C, too much dry air coupled with moderate SSTs will probably keep this at TS strength. Just for fun, I expect it to peak between 55-65 mph with a pressure between 992-995 mb.
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Quoting Neapolitan:
Winds are back up to 35 knots, and the pressure is back down to 1009:

AL, 94, 2012052518, , BEST, 0, 312N, 752W, 35, 1009, LO, 34, NEQ, 80, 120, 0, 0, 1014, 120, 70, 0, 0, L, 0, , 0, 0, INVEST, S,

At least they put it back in the right spot..
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How depressing ... from images like #291, the southwesterly feed into 94L/Beryl should function just like a sea breeze and once again rob the SW FL coast of any rain. We probably won't get anything unless the storm manages to slide much further west and turn our flow to a southerly one.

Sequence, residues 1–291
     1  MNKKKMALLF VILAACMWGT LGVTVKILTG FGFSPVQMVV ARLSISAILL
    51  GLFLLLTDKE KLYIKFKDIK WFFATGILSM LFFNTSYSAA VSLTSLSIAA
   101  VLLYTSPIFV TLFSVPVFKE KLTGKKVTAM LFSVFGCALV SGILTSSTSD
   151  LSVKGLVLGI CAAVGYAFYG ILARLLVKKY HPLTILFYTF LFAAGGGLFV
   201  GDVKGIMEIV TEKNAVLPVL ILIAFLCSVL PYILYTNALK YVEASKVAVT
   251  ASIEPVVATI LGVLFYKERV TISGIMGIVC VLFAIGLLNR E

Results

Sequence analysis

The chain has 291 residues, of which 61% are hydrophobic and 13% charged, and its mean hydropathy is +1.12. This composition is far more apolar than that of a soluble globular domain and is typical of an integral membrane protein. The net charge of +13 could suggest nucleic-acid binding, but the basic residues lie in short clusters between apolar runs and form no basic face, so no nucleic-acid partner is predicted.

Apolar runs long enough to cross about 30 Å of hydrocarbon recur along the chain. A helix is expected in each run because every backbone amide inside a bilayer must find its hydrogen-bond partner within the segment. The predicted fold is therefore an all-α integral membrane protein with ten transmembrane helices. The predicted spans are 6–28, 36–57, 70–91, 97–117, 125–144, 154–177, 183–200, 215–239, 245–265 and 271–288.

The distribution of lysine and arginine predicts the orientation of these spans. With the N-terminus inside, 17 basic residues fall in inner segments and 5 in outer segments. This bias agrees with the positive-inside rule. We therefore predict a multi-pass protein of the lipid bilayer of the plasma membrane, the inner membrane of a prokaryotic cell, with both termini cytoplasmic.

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As a NC'ian..this aint going to be pretty..it rides back up the coast and getting stronger..

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Not going to start a vote now but given the current water temps around 78 and falling pressure, is NHC going to call a subtropical or tropical depression first based on appearance/satt data at some point over the next 12 hours or are they going to wait to see if it develops significant t-storm activity closer to the center of circulation and go right to sub-tropical or tropical storm depending on recon tomorrow?

Interesting to see what will happen over the next 12-24.